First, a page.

A couple of events over the past days have brought to the fore two individuals who can be described as the antithesis of one another: head of state, George Vella, and head of school and ADPD colleague, Mario Mallia.

A palpable sense of scorn and outrage was directed at our president who didn’t have the spine to stand for what he professes as his principles.

Instead, he fled for all he was worth, for the safety of Birmingham, in an act of cowardice and puerility, his conscience appeased by the fact that it was his stand-in who signed the IVF law.

No wonder many are questioning the hefty pay cheque we taxpayers have to churn out (around €66,000 plus perks) for someone who does precious little and stands for absolutely nothing. Not that we had any doubt, of course.

His track record in supporting the Labour government’s obscenities and corruption in parliament are well-documented and no amount of crocodile tears or talk of “national unity” will change that.

On the other hand, we have Mario, an experienced educator who was at the helm of St Albert the Great for the past 16 years.

He not only stood by his principles – empathy, acceptance and love – but fought for them and, ultimately, paid the price for what seems to be a show of force by people who should have known better but instead caved into other interests when push came to shove.

In fact, this so-called board which fired him appeared determined to dim the bright light which Mario is and discredit his achievements.

Instead, his work, acts and every single word he has uttered so far have been positively received in all quarters. His brainchild, MEET, introduced to enhance the prospects of inclusivity for students with different backgrounds, religions and abilities, was the bone of contention.

A religious order appointing a professional educator with experience and a warrant ought to support foresight and professionalism. While it is in order to seek explanations, surely the track record of 16 years’ hard work at the helm are glaringly obvious.

From my own personal experience, having formed part of the teaching profession for the past 20 years, never have I witnessed such an outpouring of love, emotion, solidarity and respect towards a headmaster. Usually, it’s more a question of good riddance, with teachers secretly celebrating in their staff rooms at the departure of the umpteenth useless trophy headmaster.

This country can do without leaders in George Vella’s mould but desperately needs others like Mario Mallia- Sandra Gauci

Mario is no such thing. He put in the hours with energy and professionalism and put students and staff first.

And it shows!

Principles in Malta have steadily been losing their appeal but, in this ocean of spinelessness, it seems people are craving some sort of hero, a personality or character who stands for something. In a country run by stooges and moving on cronyism, no wonder people hail Mario.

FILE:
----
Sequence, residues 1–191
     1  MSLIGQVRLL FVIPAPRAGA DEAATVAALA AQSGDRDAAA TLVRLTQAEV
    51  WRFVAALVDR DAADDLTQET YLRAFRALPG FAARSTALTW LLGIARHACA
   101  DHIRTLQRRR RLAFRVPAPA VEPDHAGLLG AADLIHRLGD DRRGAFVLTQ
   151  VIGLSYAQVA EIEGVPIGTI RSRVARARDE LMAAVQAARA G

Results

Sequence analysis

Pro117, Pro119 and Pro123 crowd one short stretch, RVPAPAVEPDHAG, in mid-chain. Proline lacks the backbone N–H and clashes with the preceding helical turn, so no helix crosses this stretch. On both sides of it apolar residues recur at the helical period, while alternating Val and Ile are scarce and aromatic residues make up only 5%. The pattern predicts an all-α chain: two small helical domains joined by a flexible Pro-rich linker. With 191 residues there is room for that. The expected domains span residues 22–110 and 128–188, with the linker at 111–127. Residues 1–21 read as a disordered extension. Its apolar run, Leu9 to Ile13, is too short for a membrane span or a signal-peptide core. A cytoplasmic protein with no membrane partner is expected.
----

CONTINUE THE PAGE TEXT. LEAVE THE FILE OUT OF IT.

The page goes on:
As populism and party loyalty are shown up for what they are, far too many individuals in leadership positions resort to lip service and pretend to stand up for cherished values and principles.

When the going gets tough, they conveniently ebb away like Vella has done, leaving others to pick up the cudgels.

This country can do without leaders in Vella’s mould but desperately needs others like Mallia who stand up for what is right and for the common good rather their own self-preservation.

As the economic situation will inevitably worsen in the months ahead, Malta will require true statesmen in government who are able to take the right decisions in the face of adversity.

Given Labour’s track record of shooting from the hip in a bid to retain its grip on power, the prospects are indeed bleak.

If Vella, a so-called veteran, is unable to stand up and be counted, God help us if our salvation depends on the nincompoops in cabinet.

Thankfully, Mario’s case has provided a timely lesson to us all and has shown us that one doesn’t need to be populist to be popular;  just be consistent, trustworthy, upright and adhering to principles.

Admiration and esteem ultimately do not come from being populist but being perceived to have done the right thing at the right time with the benefit of hindsight.

You might make some enemies along the way but, as we are seeing, you might gain a ton of respect from the people that matter.

Sandra Gauci is deputy chairperson of ADPD.

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